TRE is a very simple process and once learned you can use it yourself forever for free, to release stress, tension and trauma. If you’d like to learn more about TRE click here to watch some videos or to book in an appointment in person or an appointment online to learn TRE. It is well worth doing so your body can finally relax.
Another important process for helping the body to relax and to complete the trauma stored within is inner child recovery work. When you get triggered or scared it is actually a younger part of you that is triggered and scared.
By becoming conscious of your bodily reactions it enables you to start self-soothing. You can tell yourself “You are safe, it’s okay I’m not in danger here”. You can self soothe by holding your own hand, so to speak, or lovingly stroking your arm or your hair. This calms the body, to know it is held and cared for. I have literally stroked my own hair at times of distress and it feels like a safe adult is brushing the hair of a vulnerable child, and this act of self-kindness leads to a softening of the emotion and relaxation back to peace.
Basically, you become the protective, loving parent of the scared child within you. There is literally a scared child inside you and an angry one and a mad, bad, stomp on all the bad guys one who wants to punish those that hurt people. These are the parts of you from the time that you were that age and experienced those things. You can easily access these inner children by closing your eyes and asking to see them.
At first, they may be hiding from you, you might just sense a closed door or a room of furniture with the inner child hiding behind the sofa, just peeking out at you. You need to win their trust, to have them feel you are safe, you will be there for them and they can tell you how they feel and what they need and you won’t reject or abandon them.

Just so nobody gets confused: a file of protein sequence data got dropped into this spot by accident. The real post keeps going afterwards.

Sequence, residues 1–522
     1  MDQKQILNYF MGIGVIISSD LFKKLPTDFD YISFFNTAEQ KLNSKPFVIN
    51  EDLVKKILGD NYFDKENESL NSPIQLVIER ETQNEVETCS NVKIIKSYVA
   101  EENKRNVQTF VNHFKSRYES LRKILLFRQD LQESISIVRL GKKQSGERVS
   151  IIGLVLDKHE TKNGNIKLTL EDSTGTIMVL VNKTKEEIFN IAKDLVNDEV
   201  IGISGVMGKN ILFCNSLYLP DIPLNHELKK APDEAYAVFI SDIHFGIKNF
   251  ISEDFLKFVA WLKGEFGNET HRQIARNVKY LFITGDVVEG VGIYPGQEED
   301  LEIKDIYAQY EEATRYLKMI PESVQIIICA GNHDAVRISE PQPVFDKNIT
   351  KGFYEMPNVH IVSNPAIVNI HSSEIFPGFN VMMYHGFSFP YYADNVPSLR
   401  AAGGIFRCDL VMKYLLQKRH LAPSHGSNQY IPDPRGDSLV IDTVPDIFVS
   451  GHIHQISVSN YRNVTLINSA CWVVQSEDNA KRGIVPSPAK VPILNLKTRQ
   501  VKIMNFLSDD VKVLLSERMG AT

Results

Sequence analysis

In time as you imagine sitting and talking with them, they will start to trust you and come closer, they will start to share their deepest secrets about what hurt them the most. Listen to them, reassure them you love them and that they were not at fault. It was not their fault if someone older sexually abused them or interfered with them. Many inner children may be confused. They may have allowed the contact to occur because the perpetrator was being nice to them, showing them love and tenderness when others weren’t. When it is a parent, step-parent, Uncle, Grandpa or family friend involved, it is extra confusing to the child as that person was known to them, was a safe space, but then all of a sudden wasn’t.
The child may not have thought what occurred was wrong, they may have thought it a game, only to find out later it was labelled as bad or sinful. There are lots of different scenarios.
The point is your inner child is likely to feel confused and until that is cleared up, they won’t feel comfortable trusting anyone else who enters your life. They will always be cautious and on guard, wondering if this new, supposedly safe person is going to one day hurt them like the family member did. Therefore, they don’t relax, they keep their guard up and stay alert for danger.